Robbyn Mitchell and
Ileana Morales, Times Staff Writers
In Print: Saturday, January 29, 2011
Tampa Police officers escort Julie Powers Schenecker from the TPD station in Tampa to be transported to the Orient Road Jail.
TAMPA — Julie Schenecker was sick of her teenage children talking back to her, police say, so last week she bought a .38-caliber pistol and planned their murder and her suicide.
She shot her 13-year-old son Thursday evening after driving him home from soccer practice. Then she walked upstairs and shot her 16-year-old daughter in the back of the head as she did homework, an arrest affidavit states.
With their blood on her clothing, the 50-year-old mother remained at the Tampa Palms house all night. Police didn't arrive until the next morning, after Schenecker's mother called them from Texas, worried because she couldn't reach her daughter, whom she believed was depressed.
Schenecker admitted to killing her children, Calyx Schenecker, 16, and Powers Beau Schenecker, 13, police said. She showed no remorse.
Though Schenecker cooperated Friday, police spokeswoman Laura McElroy said no explanation could help people truly understand why it happened.
"She did tell us that they talked back and they were mouthy," she said.
The children's father, Army Col. Parker Schenecker, 48, was informed Friday that his wife killed their children, McElroy said. He is stationed at Central Command at MacDill Air Force Base and was in the Middle East.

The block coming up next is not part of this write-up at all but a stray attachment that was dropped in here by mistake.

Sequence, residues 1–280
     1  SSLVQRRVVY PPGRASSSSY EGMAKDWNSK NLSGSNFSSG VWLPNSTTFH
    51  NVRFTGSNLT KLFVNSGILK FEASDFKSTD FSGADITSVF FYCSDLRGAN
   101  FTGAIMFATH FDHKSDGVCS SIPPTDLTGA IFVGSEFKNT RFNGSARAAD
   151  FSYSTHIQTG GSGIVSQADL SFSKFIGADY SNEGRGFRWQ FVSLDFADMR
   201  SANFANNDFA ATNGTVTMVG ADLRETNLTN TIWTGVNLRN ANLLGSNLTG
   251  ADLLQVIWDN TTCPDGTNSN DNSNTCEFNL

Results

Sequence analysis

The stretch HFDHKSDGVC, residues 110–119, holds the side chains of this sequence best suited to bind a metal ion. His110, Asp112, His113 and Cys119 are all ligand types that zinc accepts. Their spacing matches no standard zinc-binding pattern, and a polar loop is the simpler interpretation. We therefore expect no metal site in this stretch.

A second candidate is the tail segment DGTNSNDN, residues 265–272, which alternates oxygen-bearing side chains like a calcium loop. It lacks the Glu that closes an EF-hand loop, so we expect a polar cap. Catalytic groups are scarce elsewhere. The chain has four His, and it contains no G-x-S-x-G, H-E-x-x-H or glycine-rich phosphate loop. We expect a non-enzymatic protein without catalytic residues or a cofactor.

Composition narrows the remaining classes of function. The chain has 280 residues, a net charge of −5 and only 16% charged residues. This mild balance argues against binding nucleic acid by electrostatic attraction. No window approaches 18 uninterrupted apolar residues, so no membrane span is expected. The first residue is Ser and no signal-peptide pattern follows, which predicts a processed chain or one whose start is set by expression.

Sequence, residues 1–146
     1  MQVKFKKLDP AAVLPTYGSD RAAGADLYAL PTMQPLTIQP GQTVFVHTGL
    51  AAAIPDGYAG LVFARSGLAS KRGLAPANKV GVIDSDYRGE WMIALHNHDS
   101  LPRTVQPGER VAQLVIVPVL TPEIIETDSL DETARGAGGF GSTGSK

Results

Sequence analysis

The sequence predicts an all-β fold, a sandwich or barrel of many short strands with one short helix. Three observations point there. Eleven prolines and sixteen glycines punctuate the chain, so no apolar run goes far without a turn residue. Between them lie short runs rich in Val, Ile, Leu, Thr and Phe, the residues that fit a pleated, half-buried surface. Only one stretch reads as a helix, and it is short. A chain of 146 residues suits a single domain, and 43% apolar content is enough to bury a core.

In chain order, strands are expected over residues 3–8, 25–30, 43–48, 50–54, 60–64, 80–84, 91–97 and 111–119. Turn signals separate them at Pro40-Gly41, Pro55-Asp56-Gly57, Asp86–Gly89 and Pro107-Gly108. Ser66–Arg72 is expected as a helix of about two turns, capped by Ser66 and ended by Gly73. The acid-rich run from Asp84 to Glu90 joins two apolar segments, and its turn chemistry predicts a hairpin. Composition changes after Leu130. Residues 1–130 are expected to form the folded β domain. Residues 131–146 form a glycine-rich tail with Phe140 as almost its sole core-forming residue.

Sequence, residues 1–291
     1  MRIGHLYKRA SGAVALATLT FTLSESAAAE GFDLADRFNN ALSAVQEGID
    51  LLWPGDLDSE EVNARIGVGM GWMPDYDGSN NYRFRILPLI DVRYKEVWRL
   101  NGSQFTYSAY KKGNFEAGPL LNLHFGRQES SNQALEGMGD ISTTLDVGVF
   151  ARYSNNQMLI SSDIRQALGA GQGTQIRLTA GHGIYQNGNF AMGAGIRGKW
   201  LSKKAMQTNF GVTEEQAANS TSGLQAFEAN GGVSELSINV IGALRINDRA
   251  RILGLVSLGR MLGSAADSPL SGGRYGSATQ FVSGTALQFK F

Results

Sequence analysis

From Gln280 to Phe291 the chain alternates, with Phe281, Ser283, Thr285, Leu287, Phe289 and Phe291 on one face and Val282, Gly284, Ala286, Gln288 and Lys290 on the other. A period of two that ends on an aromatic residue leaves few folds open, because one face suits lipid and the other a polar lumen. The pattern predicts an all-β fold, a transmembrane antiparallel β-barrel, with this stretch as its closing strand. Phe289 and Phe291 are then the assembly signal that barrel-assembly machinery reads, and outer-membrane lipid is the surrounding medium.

Neighbors said they've seen police cars at the home at 16305 Royal Park Court before, though not often.
The Department of Children and Families said it investigated the family about two months ago after getting a complaint. The tip was determined to be unfounded and the case was closed. Spokesman Terry Field said he couldn't elaborate.
Several out-of-state family members declined to comment Friday, but neighbors and school officials described the children as bright, polite and athletic.
"Calyx was a very sweet girl, always soft spoken, always quiet — a real sweetheart," neighbor Seema Jain said. "I just can't comprehend why this has happened to them."
• • •
Parker Schenecker met Julie Powers in Munich, Germany, where they were both stationed in the late '80s and early '90s.